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Dream Catchers and Goodreads

Moon Sun Night - Copyby Mike O’Mary
Two news items this week, one for writers, one for readers:
1. Dream of Things launched a “Dream Catchers” section of its website to highlight authors whose work has been selected for future publication in a Dream of Things anthology. We get lots of great stories at Dream of Things, and our editors are constantly reviewing new submissions. The best creative nonfiction will be published in our anthologies. But putting an anthology together takes months.

Meantime, we’re sitting on all these great stories. Not anymore! Each week, we plan to feature a new story on the Dream Catchers section of This week’s story is “Forever Sharp” by Terri Elders of Colville, Washington, and it will be published in an anthology about great teachers later this year.

2. I’m not sure the world needs another online social networking site, but if we have to make room for one more, looks like a pretty good one. It’s basically a place to rate books that you’ve read, share that info with others, and learn about new books you might want to read. Billed as “the largest social network for readers in the world” with 2.9 million members, Goodreads says, “Somehow, reading books seems to have gotten a bad rap. People are working too hard and not making time to read. But every once in a while you run into a friend who tells you about this ‘great new book I’m reading.’ And suddenly you’re excited to read it. It’s that kind of excitement that Goodreads is all about.”

Goodreads also looks like a good place for an author to set up shop. Take a look at the Goodreads Author Profile of yours truly for an example of what an author can do on their site.

Mike O’Mary is founding dreamer of Dream of Things, a book publisher currently accepting creative nonfiction stories for anthologies on 15 topics.

Poetry All Around You

iStock_000002111580XSmallby Mike O’Mary

Sometimes, when I sit down to write, I draw a blank. Yet the idea of not having anything to say seems absurd—especially in a world so full of interesting people and events. But sometimes we just get so overloaded we become desensitized. We take things for granted, and that’s not good.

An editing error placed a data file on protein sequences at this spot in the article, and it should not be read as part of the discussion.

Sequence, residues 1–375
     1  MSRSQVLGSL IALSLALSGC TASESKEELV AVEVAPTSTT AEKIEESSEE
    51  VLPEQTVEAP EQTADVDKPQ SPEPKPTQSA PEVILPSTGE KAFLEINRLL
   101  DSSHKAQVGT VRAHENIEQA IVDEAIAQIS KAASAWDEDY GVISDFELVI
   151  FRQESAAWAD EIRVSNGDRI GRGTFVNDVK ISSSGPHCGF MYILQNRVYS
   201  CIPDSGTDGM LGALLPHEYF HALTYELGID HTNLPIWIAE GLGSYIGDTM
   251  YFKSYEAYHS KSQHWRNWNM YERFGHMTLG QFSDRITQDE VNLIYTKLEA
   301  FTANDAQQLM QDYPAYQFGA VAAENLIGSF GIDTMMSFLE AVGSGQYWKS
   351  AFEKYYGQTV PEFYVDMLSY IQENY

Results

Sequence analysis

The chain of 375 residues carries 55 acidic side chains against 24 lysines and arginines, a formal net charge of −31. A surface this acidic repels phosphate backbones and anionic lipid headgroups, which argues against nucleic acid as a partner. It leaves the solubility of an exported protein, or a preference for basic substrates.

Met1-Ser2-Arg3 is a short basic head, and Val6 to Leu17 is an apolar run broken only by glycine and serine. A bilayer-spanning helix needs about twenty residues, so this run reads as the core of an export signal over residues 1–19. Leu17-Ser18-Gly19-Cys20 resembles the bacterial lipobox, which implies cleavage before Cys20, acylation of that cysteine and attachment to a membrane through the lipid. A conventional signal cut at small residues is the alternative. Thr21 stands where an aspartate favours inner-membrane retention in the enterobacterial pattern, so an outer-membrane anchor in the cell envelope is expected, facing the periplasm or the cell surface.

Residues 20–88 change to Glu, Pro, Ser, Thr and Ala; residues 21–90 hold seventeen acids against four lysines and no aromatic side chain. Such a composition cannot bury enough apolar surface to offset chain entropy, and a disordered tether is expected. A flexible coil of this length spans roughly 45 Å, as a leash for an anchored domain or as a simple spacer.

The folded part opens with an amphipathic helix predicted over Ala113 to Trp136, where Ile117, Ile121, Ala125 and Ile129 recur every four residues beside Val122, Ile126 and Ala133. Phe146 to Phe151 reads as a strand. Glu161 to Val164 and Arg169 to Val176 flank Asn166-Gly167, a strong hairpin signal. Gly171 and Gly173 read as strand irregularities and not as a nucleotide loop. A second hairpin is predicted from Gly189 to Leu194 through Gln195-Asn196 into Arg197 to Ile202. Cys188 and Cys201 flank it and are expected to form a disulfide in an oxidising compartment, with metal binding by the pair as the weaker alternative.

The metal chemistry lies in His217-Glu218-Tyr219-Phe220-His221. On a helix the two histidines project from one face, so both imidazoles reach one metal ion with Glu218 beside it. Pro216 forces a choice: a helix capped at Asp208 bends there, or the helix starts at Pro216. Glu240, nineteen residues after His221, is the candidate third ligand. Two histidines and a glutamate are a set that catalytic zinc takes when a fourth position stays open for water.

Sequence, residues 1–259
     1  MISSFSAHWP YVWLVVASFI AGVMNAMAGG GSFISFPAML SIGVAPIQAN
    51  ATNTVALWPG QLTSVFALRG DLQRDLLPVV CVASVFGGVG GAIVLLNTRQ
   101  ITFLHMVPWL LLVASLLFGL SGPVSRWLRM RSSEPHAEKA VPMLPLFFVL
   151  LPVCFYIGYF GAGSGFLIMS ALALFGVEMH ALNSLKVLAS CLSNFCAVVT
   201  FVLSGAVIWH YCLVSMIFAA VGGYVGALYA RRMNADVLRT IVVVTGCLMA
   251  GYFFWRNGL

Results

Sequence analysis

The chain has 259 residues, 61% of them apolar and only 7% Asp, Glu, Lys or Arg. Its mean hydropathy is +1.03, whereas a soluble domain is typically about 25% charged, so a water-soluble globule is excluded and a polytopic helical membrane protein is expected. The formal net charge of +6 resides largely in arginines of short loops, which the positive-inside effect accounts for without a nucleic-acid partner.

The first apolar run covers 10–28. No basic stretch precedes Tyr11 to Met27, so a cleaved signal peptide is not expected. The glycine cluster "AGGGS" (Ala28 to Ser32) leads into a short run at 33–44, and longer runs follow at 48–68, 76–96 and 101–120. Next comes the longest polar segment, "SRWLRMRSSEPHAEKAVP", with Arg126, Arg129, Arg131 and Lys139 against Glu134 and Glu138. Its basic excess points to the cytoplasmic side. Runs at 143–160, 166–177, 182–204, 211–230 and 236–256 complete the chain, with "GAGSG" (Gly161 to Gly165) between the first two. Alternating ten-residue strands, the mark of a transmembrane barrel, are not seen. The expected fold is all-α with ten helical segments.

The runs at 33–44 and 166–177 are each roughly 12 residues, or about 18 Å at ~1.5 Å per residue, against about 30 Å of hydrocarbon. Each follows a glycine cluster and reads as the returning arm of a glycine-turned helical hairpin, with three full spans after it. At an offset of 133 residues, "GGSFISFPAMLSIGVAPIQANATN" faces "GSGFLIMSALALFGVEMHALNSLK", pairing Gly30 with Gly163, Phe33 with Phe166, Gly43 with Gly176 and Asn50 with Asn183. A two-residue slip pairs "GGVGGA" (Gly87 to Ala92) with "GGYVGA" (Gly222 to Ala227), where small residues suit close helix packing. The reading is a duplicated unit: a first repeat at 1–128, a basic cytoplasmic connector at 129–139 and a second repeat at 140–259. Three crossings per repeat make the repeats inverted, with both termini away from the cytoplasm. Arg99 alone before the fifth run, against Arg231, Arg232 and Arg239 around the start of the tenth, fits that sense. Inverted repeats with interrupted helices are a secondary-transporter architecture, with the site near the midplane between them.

But I found something that seems to help. I don’t read much poetry, but a friend of mine recently had a book published. I bought it, and he asked me to tell him what I thought of it.

After just a few pages, I looked up and looked around and realized that I was seeing things differently. A world that had seemed devoid of anything interesting was suddenly filled with detail. All I had to do was look a little closer.

On the top shelf of my bookcase, for example, are a dozen or so items. An old wooden roofer’s toolbox filled with dried flowers and eucalyptus. Next to that, a little clay bowl that my daughter made, then a coffee mug from the University of Montana, and an Eiffel Tower that could have been purchased at Target but happens to have been purchased in Paris. There’s a wooden carpenter’s plane from a phase when I was fascinated with old tools, a beer stein from Heidelberg, an amethyst crystal from one of my sisters. Photos of my mom, my daughter and of the softball team I coached last summer. A fancy clock I bought for $100 while on vacation, and a clock I bought at an outlet store for $3.99 because I liked its simplicity.

All that sitting right there on one little shelf.

I’m going to go back to reading my friend’s book now. But I already know what I’m going to say when I write to him: I’m going to tell him it was good.

Mike O’Mary is founding dreamer of Dream of Things, a book publisher currently accepting creative nonfiction stories for anthologies on 15 topics.

The Language of “Making Things Happen”

iStock_000002198982XSmall by Mike O’Mary
The other day, I was walking past a meeting room at work. The meeting was just breaking up and I heard the sales manager clap his hands together enthusiastically and say, “Okay; if that’s our objective today, let’s make it happen!”

Let’s make it happen. I don’t know what it is, but the workplace–particularly the business workplace–seems to spawn more than its share of euphemisms. I assume that when the manager said, “Let’s make it happen,” he meant, “Let’s do whatever we need to do to meet our objective.” But that would sound boring and not very leader-like, so instead he said, “Let’s make it happen.”

We’ve all had to sit through meetings that were peppered with trendy catch phrases, clichés and euphemisms. Unfortunately, these phrases seem to catch on with a lot of people. For every individual that suffers a gag reflex upon hearing the word “synergy,” there are at least half a dozen vice presidents who nod their heads in approval.

Karate fightPersonally, as a writer and occasional meeting-attendee, I think it’s best to say exactly what you mean. And when I hear something that sounds a little trendy, I try to translate it into plain English. For example, I’ve determined that when someone says, “It’s time to start thinking outside the box,” they really mean, “We’ve boxed ourselves in.” When they say, “We need to create a new paradigm,” that means, “Nobody is buying our product anymore.” And when somebody says, “This is no dog-and-pony show,” you’d better watch where you step after they’re done.

About 500 years before Christ, the Chinese philosopher Confucius figured out that, “If what is said is not what is meant, then what ought to be done remains undone.” So if you find yourself surrounded by people talking in euphemisms, you might try quoting Confucius. If they still won’t say what they mean, try quoting martial-arts expert Chuck Norris who once said, “When I want your opinion, I’ll beat it out of you.”

Mike O’Mary is founding dreamer of Dream of Things, a book publisher and online community for writers and other artists.